Frederick, MD – The Frederick County Public Schools Career and Technical Education curriculum department virtually hosted the sixth annual Start Up Frederick competition on Wednesday, May 12.
The competition, which is modeled on the television show “Shark Tank,” is meant to encourage entrepreneurship and connect students and employers. Nineteen students from the different high schools that competed in school-based competitions, went head-to-head in the FCPS contest. Three-thousand dollars in prize money was up for grabs from Nymeo Federal Credit Union.
First place was awarded to Jasmine Osborne from Tuscarora High for her business concept, Muser. This is a social networking app for musicians and businesses within the music industry to help them network, promote and perform.
Second place was awarded to Oakdale High team members Nirek Brahmbhatt, Jonathan Hammer and Aryan Kalathiya for their business called Menyou. This is a restaurant menu filtering app for those with food allergies, dietary restrictions and other special food needs.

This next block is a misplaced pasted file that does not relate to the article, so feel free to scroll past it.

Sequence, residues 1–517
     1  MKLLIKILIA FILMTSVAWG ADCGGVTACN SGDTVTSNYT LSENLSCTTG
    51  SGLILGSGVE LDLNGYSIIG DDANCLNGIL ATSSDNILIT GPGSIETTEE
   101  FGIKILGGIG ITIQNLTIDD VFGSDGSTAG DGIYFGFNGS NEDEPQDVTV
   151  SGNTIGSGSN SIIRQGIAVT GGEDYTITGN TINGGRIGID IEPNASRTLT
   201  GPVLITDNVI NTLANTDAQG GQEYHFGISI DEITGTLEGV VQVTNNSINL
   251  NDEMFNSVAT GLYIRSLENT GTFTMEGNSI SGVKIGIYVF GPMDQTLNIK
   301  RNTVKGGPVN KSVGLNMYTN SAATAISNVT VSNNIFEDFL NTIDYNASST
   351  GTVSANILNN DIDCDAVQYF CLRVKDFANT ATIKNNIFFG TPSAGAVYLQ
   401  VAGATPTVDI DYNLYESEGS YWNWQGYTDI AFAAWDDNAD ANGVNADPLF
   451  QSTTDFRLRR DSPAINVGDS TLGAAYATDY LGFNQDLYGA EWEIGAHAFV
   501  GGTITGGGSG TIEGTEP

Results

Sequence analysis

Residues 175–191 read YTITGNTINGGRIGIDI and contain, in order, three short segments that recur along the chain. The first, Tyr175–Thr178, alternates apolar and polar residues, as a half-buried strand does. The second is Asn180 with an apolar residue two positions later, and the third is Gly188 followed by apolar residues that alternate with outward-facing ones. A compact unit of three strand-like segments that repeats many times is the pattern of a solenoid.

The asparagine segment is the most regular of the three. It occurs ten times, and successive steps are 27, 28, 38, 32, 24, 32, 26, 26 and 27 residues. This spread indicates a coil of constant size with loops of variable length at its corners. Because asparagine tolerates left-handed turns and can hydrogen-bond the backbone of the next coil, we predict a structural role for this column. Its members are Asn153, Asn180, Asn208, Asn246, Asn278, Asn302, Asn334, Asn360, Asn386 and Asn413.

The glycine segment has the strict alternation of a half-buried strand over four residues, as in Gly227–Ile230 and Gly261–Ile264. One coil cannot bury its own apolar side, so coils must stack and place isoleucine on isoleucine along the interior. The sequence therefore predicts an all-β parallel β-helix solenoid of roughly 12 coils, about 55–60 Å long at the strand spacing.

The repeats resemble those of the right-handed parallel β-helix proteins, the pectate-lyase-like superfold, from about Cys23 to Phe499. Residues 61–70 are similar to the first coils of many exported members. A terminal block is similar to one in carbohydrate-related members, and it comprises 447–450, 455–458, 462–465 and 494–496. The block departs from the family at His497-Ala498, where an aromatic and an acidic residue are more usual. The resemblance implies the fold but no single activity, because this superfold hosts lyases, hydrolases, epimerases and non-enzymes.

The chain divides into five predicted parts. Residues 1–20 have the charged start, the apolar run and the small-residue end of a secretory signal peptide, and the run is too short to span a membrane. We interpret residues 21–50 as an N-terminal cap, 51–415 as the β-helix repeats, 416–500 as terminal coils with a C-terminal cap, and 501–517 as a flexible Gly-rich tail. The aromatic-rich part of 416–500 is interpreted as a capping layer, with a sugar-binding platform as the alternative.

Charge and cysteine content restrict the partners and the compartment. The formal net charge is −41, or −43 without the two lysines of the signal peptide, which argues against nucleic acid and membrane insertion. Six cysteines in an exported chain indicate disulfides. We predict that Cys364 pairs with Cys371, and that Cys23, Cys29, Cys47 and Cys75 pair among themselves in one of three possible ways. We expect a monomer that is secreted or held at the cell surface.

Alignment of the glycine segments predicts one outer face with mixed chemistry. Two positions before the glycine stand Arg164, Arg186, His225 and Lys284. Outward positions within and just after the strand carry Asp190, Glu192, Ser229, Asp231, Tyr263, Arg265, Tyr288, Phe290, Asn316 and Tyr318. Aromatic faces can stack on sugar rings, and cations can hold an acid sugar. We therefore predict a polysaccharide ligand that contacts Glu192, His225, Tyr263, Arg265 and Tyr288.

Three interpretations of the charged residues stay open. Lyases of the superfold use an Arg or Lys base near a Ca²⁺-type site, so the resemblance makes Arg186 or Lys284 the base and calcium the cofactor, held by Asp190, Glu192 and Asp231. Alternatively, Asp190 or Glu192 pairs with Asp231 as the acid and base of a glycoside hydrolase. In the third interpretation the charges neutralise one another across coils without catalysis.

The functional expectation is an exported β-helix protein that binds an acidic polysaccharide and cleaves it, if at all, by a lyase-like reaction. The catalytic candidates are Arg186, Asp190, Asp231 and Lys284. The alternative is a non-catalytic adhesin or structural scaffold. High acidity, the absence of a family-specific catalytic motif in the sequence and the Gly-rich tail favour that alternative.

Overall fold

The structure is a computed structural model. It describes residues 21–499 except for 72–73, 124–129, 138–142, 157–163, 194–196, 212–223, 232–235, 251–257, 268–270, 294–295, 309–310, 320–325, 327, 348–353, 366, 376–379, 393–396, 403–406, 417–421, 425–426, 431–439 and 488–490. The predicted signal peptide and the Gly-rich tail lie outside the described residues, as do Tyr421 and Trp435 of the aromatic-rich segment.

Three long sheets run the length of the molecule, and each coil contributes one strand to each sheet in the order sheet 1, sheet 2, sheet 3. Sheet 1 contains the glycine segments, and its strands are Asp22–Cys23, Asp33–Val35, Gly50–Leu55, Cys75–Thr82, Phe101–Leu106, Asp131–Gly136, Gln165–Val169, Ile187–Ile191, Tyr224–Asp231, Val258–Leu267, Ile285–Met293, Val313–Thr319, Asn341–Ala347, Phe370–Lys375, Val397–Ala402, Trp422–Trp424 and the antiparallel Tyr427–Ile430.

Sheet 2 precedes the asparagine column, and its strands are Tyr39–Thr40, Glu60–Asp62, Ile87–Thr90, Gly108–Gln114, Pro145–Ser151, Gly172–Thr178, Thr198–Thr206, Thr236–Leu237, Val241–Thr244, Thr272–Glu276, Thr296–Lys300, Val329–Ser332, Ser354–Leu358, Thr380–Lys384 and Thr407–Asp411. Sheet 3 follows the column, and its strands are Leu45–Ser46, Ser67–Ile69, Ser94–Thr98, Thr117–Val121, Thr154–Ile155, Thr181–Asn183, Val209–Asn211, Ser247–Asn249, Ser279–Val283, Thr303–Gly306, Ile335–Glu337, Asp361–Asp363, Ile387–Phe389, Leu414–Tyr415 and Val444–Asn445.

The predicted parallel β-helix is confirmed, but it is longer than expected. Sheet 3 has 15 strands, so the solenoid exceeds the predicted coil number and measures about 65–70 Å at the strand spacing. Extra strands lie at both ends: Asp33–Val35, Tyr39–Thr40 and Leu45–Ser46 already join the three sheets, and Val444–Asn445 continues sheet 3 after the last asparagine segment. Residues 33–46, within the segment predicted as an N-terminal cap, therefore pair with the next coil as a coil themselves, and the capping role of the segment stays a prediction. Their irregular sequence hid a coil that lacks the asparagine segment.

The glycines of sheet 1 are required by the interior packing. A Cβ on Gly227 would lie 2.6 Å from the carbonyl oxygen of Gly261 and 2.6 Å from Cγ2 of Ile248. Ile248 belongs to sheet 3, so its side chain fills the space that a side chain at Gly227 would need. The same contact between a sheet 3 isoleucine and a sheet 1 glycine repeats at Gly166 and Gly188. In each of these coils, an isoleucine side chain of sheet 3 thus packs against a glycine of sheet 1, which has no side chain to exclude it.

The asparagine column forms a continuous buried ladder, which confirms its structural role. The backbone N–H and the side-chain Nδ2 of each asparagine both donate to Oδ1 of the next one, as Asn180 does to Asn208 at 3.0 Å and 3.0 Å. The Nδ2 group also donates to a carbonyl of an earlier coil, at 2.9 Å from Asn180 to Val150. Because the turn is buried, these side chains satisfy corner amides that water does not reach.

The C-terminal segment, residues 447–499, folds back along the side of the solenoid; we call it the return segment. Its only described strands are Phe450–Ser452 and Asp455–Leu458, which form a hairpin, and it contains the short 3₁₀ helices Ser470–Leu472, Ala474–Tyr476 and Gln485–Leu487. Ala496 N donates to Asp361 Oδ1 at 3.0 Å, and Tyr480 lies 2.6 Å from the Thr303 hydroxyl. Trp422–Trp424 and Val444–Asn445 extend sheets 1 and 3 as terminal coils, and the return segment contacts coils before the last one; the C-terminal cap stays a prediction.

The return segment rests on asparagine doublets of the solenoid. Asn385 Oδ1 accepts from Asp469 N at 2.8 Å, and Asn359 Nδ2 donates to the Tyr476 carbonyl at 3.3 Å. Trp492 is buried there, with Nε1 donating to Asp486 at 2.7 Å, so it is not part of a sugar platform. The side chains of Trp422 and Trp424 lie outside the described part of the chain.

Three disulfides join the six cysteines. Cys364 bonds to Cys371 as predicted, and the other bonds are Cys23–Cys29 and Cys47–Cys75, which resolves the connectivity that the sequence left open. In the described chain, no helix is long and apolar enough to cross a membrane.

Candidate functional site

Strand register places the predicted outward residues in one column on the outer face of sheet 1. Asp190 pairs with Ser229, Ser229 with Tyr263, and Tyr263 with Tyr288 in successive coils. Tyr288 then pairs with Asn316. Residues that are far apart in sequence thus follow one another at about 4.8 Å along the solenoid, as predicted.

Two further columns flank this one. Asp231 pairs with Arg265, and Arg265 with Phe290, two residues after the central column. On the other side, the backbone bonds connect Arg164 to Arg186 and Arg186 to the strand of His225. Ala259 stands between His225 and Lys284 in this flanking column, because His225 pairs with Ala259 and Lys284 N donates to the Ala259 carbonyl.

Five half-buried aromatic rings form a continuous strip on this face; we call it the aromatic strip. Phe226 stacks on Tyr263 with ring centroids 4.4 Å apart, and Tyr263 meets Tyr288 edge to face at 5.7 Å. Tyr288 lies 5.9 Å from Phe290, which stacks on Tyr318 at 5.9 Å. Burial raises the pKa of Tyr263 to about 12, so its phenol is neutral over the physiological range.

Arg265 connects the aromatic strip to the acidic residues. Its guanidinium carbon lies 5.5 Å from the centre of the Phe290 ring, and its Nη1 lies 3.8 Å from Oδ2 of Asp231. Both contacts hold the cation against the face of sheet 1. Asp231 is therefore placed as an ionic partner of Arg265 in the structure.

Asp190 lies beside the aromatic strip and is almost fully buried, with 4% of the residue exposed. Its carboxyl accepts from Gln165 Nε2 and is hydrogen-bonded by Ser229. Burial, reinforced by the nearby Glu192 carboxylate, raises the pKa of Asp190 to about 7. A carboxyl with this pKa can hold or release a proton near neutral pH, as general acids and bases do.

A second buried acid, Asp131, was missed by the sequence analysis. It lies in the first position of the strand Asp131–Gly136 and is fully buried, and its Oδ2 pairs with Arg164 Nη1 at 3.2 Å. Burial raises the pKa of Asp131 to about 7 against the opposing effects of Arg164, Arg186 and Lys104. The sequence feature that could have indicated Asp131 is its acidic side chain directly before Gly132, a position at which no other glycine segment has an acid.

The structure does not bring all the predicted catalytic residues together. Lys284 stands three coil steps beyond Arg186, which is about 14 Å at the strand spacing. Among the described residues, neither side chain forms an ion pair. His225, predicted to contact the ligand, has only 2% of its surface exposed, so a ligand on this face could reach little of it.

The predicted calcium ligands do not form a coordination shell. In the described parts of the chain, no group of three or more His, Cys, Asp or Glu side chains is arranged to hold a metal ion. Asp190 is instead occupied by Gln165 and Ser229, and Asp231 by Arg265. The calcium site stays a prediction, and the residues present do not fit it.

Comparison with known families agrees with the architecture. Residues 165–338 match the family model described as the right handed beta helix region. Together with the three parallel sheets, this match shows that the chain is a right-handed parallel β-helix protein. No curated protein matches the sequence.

Third place was awarded to Governor Thomas Johnson High School teammates Cooper Gurrie and Samyak Jain for their business, Event It! This plan helps companies and organizations stage events by doing all of the behind-the-scenes promotion, coordination and set-up.
Three local business professionals judged the competition: Eric Black, Director of Compliance and Risk at Nymeo; Jose Bueso, Chief Operating Officer, Past President and Co-Founder of Dynamic Automotive; and Michael Caroglanian, Owner and President of Tire World of Frederick.
The students submitted a five-minute recorded video business pitch prior to the virtual competition, and then presented a 60-second elevator pitch live via the Google Meet streaming platform. Each team then answered one question from each judge. The students were scored on the following five categories: Creativity/Innovation, Product/Service Clarity, Market Potential, Competitive Landscape and Operational Sustainability. The event was emceed by Career and Technology Center and Governor Thomas Johnson High School student, Kyra Randolph.